So red wine and dark chocolate aren’t good for us? Don’t worry, you might not have to call it quits just yet.
A new study published by JAMA Internal Medicine states that foods rich in resveratrol, a heart-healthy compound found in dark chocolate and red wine, might not be as beneficial as we thought.
These results come from a study, published online May 12, that looked at 783 men and women, all of whom were over 65. The study aimed to determine if resveratrol, a polyphenol found in so many antioxidant-rich foods, has anti-inflammatory and anti-cancer effects. It found that participants who consume a diet rich in resveratrol are not more likely to live longer nor are they less likely to develop cancer or cardiovascular disease than those who do not consume resveratrol-rich foods. Moreover, ‘resveratrol levels reached by the Western diet did not have substantial influence on health status and mortality risk of the population of this study,’ the study’s conclusion notes state.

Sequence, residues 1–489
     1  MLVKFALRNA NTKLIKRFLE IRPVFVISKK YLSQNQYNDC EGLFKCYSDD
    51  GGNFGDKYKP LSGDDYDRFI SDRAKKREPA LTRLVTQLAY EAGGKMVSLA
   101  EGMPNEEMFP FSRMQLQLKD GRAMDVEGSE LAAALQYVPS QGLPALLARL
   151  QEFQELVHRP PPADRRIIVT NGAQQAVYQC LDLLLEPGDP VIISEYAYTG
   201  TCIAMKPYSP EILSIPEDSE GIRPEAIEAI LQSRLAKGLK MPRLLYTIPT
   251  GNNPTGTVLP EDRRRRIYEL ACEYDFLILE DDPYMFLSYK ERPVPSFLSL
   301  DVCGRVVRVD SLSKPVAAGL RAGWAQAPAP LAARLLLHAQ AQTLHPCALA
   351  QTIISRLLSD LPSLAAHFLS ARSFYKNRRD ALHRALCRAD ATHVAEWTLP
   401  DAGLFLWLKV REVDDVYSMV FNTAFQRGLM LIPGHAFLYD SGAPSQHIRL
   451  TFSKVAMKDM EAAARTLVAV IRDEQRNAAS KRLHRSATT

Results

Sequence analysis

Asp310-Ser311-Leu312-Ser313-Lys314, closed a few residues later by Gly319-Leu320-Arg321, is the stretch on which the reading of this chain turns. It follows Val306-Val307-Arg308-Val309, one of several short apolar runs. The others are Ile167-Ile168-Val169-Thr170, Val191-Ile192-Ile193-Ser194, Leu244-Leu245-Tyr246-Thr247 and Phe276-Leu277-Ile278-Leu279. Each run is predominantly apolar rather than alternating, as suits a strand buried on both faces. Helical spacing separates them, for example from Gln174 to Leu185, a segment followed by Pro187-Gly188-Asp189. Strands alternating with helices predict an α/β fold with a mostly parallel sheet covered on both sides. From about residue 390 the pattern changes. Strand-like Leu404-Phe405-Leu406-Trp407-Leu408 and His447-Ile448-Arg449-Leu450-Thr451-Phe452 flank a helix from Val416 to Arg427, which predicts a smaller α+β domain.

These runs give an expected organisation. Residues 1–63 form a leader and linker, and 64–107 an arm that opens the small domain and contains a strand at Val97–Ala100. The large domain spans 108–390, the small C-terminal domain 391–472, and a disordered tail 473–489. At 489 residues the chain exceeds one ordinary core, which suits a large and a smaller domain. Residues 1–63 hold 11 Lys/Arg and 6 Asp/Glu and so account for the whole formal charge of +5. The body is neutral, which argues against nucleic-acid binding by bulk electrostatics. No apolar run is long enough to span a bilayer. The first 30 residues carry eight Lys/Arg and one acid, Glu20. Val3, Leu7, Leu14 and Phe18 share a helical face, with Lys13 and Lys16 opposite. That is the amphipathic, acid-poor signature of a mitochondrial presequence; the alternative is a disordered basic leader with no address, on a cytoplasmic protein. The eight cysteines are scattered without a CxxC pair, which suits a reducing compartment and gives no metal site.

‘Despite the negative results, studies have shown that consumption of red wine, dark chocolate, and berries does reduce inflammation in some people and still appears to protect the heart,’ says Dr. Richard D. Semba, who led the study.
So all is not lost. If you still want to maintain a diet high in antioxidants, of which there are many, try out some of these foods; and in case you’re now in need of a little pick-me-up, eating dark chocolate (in moderation) offers plenty of other benefits.
-Jessica Harding, associate web editor